Hair Conditioner - Many hair conditioners contain ingredients like sodium benzoate, benzyl alcohol and tocopheryl acetate that can be toxic or potentially carcinogenic. Try using natural oils like olive, safflower or jojoba instead.
Chemical Pesticides and Herbicides - American households use 80 million pounds of pesticides each year. The EPA found at least one pesticide in almost every water and fish sample from streams and in more than one-half of shallow wells sampled in agricultural and urban areas. These chemicals pose threats to animals and people, especially children. Buy organic pest controllers such as diatomaceous earth.
Plant native plants and practice integrated pest management and plant flowers and herbs that act as natural pesticides.
Excessively Packaged Food and Other Products - Excess packaging wastes resources and costs you much more. Around 33% of trash in the average American household comes from packaging. Buy products with minimal or reusable packaging or buy in bulk and use your own containers when shopping.
Cling/Saran/ Plastic Wrap - Many people don't realize that cling wrap may be made with PVC. #3 PVC (polyvinyl chloride) leaches toxins when heated or microwaved and it is an environmental problem throughout its lifecycle. Instead store things in reusable containers.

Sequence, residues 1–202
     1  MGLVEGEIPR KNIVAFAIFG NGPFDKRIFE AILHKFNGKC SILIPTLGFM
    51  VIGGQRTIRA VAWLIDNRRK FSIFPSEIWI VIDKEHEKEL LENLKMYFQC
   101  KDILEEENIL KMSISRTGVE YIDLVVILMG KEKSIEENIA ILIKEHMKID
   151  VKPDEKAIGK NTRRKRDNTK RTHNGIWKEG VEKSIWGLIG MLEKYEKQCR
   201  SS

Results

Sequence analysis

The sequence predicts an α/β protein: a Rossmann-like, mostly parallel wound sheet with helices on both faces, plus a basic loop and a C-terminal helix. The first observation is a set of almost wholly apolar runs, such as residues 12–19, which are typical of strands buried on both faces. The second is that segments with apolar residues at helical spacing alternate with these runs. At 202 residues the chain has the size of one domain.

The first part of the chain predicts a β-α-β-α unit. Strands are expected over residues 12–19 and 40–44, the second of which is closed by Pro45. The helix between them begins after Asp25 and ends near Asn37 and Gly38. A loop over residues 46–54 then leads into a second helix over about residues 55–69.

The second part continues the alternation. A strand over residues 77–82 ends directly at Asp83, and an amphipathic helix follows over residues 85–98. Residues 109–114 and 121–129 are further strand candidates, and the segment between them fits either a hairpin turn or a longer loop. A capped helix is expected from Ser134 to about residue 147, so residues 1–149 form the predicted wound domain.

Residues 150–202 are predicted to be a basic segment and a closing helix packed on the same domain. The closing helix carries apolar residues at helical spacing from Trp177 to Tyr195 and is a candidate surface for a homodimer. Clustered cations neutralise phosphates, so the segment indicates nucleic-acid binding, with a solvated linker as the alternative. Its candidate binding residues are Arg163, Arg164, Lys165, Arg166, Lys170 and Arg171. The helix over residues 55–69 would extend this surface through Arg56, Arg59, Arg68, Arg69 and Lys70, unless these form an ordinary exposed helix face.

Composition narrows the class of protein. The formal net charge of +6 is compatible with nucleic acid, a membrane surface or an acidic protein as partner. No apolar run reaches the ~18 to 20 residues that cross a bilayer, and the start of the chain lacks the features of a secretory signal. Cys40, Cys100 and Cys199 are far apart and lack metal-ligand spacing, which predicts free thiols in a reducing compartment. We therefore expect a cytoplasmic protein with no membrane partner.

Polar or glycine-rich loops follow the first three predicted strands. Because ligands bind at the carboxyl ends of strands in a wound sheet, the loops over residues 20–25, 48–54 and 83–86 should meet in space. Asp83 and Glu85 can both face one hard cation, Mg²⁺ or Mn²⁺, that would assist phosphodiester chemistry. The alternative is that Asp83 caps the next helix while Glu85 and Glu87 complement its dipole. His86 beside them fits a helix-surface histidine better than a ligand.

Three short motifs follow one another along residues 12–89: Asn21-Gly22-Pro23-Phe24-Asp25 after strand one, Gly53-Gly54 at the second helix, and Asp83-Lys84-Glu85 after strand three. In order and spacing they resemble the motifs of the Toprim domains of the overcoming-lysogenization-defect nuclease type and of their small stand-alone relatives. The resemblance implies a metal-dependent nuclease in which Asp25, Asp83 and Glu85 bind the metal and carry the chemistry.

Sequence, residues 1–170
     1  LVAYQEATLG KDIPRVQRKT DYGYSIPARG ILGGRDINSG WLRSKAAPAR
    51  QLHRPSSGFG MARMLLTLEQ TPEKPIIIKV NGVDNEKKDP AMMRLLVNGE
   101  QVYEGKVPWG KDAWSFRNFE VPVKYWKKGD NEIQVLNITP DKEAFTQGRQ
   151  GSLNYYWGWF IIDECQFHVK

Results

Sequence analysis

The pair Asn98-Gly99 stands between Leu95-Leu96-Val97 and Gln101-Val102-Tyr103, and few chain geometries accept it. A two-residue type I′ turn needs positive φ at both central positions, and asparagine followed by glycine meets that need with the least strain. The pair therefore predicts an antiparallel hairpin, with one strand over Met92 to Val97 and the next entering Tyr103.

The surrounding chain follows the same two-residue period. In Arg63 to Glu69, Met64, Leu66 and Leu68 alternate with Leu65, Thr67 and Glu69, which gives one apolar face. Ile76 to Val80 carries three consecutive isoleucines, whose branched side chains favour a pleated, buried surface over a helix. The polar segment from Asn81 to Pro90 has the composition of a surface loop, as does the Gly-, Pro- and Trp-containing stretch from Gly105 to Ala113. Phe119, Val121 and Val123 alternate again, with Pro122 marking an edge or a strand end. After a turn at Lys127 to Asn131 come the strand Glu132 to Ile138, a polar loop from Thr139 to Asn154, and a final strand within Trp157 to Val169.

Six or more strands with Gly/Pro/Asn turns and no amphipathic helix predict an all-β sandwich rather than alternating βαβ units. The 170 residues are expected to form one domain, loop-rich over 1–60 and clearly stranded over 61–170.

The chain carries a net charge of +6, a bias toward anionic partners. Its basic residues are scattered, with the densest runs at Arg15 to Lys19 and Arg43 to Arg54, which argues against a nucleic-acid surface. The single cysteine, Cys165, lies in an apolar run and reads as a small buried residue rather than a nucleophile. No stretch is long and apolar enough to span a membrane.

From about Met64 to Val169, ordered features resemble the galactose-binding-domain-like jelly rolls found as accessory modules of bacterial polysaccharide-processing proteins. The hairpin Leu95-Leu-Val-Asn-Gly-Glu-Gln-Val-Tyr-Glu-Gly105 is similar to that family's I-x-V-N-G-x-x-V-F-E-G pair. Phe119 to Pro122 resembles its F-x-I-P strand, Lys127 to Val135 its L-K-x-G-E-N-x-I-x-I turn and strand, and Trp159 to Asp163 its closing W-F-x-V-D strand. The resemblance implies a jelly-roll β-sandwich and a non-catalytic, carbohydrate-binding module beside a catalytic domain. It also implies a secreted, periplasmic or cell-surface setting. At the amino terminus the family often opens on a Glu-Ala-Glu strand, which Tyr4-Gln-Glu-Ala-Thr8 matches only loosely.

Beauty/Body Care with Phthalates and Parabens - Phthalates are a group of industrial chemicals linked to birth defects that are used in many cosmetic products, from nail polish to deodorant. Parabens are preservatives used in many cosmetics that have been linked to breast cancer though more research is needed. Phthalates are not listed on product labels and can only be detected in laboratory tests. To be safe, choose products from companies that have signed on to the Compact for Safe Cosmetics.
High Octane Gas than You Need - Only one car in ten manufactured since 1982 requires high-octane gasoline. High-octane gas releases more hazardous pollutants into the air, and may be bad for your car. Instead, buy the lowest-octane gas your car requires as listed in your owner's manual. You can also try making your next car purchase a hybrid. Or ditch the car and take public transportation, ride a bike, or walk.